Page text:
Why the Music Doc Series ‘1971’ Wasn’t Just About Music

TheWrap magazine: Director Asif Kapadia says. “It’s not, ‘Listen to this piece of music, and then this one’ — what’s the bigger picture around it?”

This story about “1971: The Year That Music Changed Everything” first appeared in the Race Begins issue of TheWrap’s awards magazine.

The subtitle of the Apple TV+’s “1971” is the first clue as to the ambitions of the seven-part documentary series. While it is loosely based on David Hepworth’s 2016 book, “Never a Dull Moment: 1971 — The Year That Rock Exploded,” the series makes a key change and calls itself “1971: The Year That Music Changed Everything.”

In other words, it’s not about how music changed at the beginning of the 1970s; it’s about how music changed the world. 

“It was an incredible time for a range of artists, and the music subsequently motivated the world,” said Asif Kapadia, the Oscar-winning director whose other films include “Amy,” “Senna” and “Diego Maradona.” “The idea was to get into the music, but also the environment, the politics and how they all cross over.

“And the issues we’re dealing with now — Black Lives Matter and the rise of the far right — played a huge role at the time. You can watch this and think, ‘Has anything changed? Have we moved on at all? The thing that stood out to me is that these artists really stood up and spoke out and were active. And the question I’ll leave to the audience is, ‘Are artists and musicians doing the same now, or is it a different game we’re in?’”

The series focuses on artists including John Lennon, George Harrison, Aretha Franklin, the Rolling Stones, David Bowie, Marvin Gaye, Marc Bolan, Carole King, Joni Mitchell, The Who and Sly and the Family Stone, among many others. Kapadia admits they couldn’t get everybody they wanted to participate: “One of the challenges was that there are a lot of people saying, ‘Well, maybe there’s a movie to be made about my life, so I’m going to pass on this.’” He wouldn’t say which artists fell into this camp, though crucial 1971 music that is not mentioned in the series includes “Led Zeppelin IV” and Rod Stewart’s “Every Picture Tells a Story.”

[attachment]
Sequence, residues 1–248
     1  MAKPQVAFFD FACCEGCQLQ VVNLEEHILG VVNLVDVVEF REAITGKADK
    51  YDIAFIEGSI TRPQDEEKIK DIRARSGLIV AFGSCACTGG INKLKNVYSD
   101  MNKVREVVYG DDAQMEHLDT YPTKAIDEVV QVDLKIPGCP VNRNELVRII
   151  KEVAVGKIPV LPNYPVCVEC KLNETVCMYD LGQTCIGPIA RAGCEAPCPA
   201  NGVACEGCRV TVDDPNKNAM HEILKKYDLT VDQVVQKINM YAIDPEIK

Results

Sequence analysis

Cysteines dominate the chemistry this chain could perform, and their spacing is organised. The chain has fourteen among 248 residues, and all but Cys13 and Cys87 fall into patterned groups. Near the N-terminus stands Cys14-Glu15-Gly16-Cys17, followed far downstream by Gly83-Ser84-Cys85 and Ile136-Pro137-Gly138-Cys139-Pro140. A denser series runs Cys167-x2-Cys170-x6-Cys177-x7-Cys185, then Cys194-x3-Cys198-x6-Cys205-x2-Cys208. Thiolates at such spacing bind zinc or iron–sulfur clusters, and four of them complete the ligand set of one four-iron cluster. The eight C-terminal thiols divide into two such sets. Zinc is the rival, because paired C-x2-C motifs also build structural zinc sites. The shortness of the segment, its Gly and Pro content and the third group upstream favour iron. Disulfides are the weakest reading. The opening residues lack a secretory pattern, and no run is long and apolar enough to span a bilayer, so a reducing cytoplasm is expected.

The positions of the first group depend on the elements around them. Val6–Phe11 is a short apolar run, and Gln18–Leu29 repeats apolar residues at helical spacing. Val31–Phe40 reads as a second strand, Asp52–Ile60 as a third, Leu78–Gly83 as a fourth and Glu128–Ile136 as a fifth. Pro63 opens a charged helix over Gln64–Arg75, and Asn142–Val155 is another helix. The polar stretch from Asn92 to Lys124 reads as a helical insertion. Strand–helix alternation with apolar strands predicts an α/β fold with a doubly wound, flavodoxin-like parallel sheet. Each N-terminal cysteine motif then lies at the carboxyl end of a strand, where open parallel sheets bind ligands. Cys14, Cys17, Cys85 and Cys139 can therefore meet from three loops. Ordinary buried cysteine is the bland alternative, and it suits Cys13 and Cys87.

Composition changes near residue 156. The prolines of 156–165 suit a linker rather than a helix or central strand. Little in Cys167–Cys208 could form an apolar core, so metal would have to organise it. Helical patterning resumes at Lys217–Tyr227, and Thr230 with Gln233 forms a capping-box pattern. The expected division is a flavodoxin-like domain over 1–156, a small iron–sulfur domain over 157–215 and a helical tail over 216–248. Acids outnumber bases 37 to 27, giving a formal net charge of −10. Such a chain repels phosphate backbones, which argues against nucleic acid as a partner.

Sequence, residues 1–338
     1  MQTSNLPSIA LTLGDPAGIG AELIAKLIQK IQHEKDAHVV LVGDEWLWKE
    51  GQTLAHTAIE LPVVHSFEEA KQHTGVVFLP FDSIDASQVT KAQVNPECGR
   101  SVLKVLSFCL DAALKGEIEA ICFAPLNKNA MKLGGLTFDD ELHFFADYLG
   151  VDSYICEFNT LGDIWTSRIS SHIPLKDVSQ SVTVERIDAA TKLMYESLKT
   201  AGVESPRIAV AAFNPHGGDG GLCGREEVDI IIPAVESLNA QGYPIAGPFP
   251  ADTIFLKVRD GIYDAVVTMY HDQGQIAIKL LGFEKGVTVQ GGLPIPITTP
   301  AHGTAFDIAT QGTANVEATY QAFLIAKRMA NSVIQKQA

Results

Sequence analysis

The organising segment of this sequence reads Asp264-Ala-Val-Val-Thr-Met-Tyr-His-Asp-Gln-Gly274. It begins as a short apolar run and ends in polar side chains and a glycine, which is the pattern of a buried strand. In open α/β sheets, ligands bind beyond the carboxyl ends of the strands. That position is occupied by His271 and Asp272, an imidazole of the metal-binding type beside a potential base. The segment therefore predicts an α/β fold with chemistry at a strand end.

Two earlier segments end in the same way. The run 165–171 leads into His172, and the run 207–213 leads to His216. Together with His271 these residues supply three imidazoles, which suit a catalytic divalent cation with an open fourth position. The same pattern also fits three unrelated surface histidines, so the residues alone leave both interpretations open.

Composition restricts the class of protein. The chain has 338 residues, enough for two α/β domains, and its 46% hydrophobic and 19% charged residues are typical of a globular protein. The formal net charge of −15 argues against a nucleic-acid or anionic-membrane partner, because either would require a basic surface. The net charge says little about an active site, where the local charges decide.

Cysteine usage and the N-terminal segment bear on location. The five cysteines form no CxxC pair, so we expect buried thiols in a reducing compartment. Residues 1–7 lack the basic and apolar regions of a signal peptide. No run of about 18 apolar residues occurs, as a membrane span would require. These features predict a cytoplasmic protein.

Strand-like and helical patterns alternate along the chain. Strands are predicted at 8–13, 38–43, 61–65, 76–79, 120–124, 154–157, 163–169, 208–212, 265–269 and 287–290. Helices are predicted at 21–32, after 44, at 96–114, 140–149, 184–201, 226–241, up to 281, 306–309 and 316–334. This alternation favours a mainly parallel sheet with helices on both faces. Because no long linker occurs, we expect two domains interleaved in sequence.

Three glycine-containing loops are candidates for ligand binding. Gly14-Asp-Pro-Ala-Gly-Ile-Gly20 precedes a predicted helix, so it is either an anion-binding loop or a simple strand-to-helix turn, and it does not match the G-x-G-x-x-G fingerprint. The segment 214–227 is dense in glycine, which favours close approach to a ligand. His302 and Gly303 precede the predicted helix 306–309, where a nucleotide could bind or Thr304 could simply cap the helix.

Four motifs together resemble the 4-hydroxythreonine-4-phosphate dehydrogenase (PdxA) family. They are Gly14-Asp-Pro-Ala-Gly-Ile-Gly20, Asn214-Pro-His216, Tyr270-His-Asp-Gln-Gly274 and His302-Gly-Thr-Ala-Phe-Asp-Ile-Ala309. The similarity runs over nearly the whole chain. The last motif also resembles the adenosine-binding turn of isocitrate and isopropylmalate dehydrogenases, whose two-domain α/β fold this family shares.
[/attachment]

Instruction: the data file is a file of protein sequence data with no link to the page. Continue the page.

The filmmakers, who included executive producer James Gay-Rees, also had to contend with finding the balance between the music and the world around it, with detours that would tie the sounds of 1971 to Vietnam, civil rights, the British trial of the publishers of the underground newspaper Oz, the Stanford Prison Experiment, the women’s movement and much more.

“The idea was always that it wouldn’t be, ‘Listen to this piece of music, and then this one,’” Kapadia said. “What’s the bigger picture around it? That’s something we previously tried to do with ‘Senna’ and ‘Amy’ and ‘Maradona’ — it’s not just the people, it’s where they’re from and what motivates them. But we had to make some hard choices, because it was a crazy time and there was so much to choose from.”  

The filmmakers traveled around the world interviewing people for the series, with musicians ranging from Elton John to Donny Osmond and producers, executives and journalists chiming in. (Archival interviews with the likes of Bowie and Lennon were incorporated as well.) As is usual for Kapadia’s films, we hear the audio from the interviews his team conducted but never see the people as they’re being interviewed.

“Obviously, I’ve got a problem,” he said with a laugh. “I like seeing people young and beautiful — and particularly in this case, you want to be in that moment, not looking at people the way they look now. The idea was that you’re spending a period of time in 1971, not that you’re jumping forward and backwards.

“It’s not the easiest way to do this — it’s much easier to interview lots of people and just cut to archives, but that was not the vibe we wanted in this series.”

Read more from the Race Begins issue here.

EmmyWrap The Race Begins 2021 cover
illustration by Jon Stich for TheWrap